Illinois State Police crime lab makes major improvements to DNA testing backlog

An ABC7 I-Team Investigation

ByJason Knowles and Ann Pistone WLS logo
Friday, August 4, 2023
ISP crime lab makes improvements to DNA testing backlog
There has been a 37% decrease in DNA backlog for all cases that come into all labs in the state, according to ISP forensics.

CHICAGO (WLS) -- Major DNA backlog improvements have been made six years after an I-Team investigation uncovered massive DNA delays and murder evidence sitting in Illinois labs.

Robin Woolery, the Deputy Director of Forensic Services at the Illinois State Police, said the state crime lab system has made huge strides in the last few years and has significantly brought down the number of criminal cases that need DNA analyzed.

"The true test is how fast can an agency get their results back to be able to utilize those results and record, or find their bad guy," Woolery said.

According to Woolery, there has been a 37% decrease in DNA backlog for all cases that come into all labs in the state, which includes homicide, sexual assault, any cases that involve a crime against a person, and property crime cases. In addition, the turnaround time has dropped from seven months to four months.

In 2018, Carmia Tang contacted the I-Team about her son's unsolved Chicago murder case. Tang and Chicago police said detectives waited a year and a half for the state's labs to process the DNA found at the crime scene. When the DNA was finally processed, it came back inconclusive.

Her story prompted the I-Team to use the Freedom of Information Act (FOIA) to analyze the state's backlog. The I-Team found that in 2018, there were 766 Chicago murder cases waiting to be analyzed by the Illinois Forensic Science Lab. Therefore, law enforcement was not getting the information they needed to catch criminals.

RELATED | 2018 I-Team Investigation: Hundreds of Chicago murders may remain unsolved due to DNA processing delays

The 2018 investigation prompted State Senator Patricia Van Pelt, who chairs the Senate Public Health Committee, to hold the state crime labs accountable through a series of hearings.

"A lot of families now have resolution," Pelt said. "I have to give a lot of credit to Channel 7 because once we got the media involved, they begin to look at it."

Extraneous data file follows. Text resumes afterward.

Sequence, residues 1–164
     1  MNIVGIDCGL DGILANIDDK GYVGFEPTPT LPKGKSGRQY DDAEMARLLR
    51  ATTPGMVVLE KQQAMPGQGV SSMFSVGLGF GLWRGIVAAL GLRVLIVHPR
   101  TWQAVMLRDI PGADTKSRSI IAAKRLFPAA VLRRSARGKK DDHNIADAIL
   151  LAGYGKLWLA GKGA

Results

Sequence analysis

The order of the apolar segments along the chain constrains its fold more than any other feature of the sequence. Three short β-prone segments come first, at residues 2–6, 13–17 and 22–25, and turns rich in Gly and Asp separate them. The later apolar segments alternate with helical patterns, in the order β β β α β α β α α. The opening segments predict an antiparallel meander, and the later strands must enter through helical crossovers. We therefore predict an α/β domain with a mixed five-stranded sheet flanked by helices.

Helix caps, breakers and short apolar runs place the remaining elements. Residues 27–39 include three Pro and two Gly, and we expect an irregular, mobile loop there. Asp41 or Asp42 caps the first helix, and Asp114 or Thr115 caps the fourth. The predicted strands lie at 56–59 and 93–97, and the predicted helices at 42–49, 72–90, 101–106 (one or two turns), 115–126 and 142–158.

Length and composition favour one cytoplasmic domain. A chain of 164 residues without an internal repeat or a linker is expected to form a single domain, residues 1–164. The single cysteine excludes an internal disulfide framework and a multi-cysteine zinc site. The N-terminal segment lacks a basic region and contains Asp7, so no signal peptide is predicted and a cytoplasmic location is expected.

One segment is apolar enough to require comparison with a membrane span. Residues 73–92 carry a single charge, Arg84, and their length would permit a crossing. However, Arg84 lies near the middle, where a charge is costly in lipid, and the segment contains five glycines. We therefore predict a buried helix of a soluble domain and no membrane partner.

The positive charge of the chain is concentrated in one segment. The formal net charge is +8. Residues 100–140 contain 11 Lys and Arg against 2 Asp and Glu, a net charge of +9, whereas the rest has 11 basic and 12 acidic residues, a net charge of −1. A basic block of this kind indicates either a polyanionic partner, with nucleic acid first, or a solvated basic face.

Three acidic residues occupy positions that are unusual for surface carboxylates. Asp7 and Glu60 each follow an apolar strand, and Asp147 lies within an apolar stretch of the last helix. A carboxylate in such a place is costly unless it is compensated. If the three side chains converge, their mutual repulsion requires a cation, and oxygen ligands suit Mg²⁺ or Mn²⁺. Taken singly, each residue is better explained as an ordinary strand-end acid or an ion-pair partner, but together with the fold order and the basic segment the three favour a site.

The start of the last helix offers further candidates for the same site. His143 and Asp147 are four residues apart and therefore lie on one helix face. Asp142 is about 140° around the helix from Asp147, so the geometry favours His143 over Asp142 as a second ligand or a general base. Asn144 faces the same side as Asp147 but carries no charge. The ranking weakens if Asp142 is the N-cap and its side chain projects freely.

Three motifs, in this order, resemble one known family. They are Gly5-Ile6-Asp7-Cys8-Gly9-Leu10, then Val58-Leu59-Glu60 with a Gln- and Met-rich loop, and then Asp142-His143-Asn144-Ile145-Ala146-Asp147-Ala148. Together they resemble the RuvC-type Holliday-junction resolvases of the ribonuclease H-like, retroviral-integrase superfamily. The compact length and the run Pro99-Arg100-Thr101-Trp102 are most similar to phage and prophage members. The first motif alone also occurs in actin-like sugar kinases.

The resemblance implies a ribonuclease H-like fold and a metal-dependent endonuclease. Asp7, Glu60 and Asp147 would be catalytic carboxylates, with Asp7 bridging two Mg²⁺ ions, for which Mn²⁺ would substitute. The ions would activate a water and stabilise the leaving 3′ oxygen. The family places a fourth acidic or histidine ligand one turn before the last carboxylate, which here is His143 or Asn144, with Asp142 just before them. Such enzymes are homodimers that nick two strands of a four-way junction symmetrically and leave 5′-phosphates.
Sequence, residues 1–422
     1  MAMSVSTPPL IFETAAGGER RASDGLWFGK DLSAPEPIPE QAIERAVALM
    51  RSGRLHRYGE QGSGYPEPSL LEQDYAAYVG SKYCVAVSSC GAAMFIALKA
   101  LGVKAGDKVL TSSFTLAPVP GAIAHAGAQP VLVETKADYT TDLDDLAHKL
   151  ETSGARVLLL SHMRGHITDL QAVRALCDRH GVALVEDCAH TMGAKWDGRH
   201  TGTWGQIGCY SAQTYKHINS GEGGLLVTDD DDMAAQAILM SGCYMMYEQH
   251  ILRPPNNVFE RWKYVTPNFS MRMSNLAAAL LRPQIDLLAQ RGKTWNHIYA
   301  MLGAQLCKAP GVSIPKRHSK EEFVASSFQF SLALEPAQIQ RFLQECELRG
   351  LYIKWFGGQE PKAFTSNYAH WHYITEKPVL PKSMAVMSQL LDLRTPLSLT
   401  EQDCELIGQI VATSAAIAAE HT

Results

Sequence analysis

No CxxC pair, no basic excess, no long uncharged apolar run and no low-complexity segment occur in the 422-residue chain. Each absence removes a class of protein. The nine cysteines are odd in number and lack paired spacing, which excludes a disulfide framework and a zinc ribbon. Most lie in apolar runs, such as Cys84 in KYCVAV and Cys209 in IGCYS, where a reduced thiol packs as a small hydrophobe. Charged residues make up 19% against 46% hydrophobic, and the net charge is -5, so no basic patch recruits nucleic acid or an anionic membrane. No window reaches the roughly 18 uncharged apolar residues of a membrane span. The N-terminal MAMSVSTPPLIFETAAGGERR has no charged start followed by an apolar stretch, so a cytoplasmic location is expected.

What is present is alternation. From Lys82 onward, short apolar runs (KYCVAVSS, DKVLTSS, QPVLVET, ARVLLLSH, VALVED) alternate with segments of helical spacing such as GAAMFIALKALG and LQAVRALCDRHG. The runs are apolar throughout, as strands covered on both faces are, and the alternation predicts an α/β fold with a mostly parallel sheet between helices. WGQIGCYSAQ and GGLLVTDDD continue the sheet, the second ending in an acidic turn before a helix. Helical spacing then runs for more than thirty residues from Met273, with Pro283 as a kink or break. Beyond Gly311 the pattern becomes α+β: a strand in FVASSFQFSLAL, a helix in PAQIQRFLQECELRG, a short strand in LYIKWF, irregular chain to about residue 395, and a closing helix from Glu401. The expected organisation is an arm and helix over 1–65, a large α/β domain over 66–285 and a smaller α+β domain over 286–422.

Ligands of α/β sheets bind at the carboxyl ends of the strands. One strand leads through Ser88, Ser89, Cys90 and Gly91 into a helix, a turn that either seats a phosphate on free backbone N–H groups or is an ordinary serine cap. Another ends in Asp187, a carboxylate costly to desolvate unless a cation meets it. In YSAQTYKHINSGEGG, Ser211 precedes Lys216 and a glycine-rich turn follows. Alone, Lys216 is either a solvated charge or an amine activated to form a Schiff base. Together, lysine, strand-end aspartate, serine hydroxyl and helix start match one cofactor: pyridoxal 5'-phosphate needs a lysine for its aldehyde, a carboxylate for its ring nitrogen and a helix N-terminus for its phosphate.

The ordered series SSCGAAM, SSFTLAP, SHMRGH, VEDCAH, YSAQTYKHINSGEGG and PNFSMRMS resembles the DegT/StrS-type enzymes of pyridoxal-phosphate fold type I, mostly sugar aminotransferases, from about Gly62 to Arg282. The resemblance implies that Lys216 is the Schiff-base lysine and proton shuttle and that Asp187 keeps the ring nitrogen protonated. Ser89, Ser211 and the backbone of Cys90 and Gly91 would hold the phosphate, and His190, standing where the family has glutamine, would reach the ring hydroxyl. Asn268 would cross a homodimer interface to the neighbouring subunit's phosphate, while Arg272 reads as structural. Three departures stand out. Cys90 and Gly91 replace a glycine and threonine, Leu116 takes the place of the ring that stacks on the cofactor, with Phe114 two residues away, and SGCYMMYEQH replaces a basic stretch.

Through a new FOIA request, the I-Team found that the state labs have slashed that Chicago murder backlog. Now, they have 118 unfinished DNA lab assignments.

"Obviously, I'm really happy that we've gotten down to where we are," Woolery said. "But we still have a lot more to do. We still have a backlog, and the question has to be, how soon can I get you those results?"

In 2019, Illinois State Police showed the I-Team its new procedures and tools used to reduce the DNA delay in labs. Then, in March 2020, the state began using rapid DNA technology. Rapid DNA can be used when there is a known suspect in a case.

RELATED | Rapid DNA now being used at Illinois State Police crime lab to reduce backlog

Yet, according to Woolery, the biggest difference has been made through the use of robotics.

"Instead of having one analyst do each of those by hand, the robot is set up to be able to extract multiple number of samples quicker," Woolery said.

One place where those robots are being used is Illinois' recently opened, tenth crime lab in Decatur. The state has also hired more analysts in Decatur and other locations while also working to bring in 27 more lab staff members.

Van Pelt wants to shorten the hiring process, though, which can take a year or more.

"It's a special problem with the state of Illinois, because it takes so long for a person to be hired," Van Pelt said. "I really think there's a legislative pathway that may be able to cut through some of that red tape."

Many families have benefitted from these efforts, according to Van Pelt. They did not want to be interviewed on camera, but she said those families have seen cases solved recently thanks to the decrease in the system's backlog.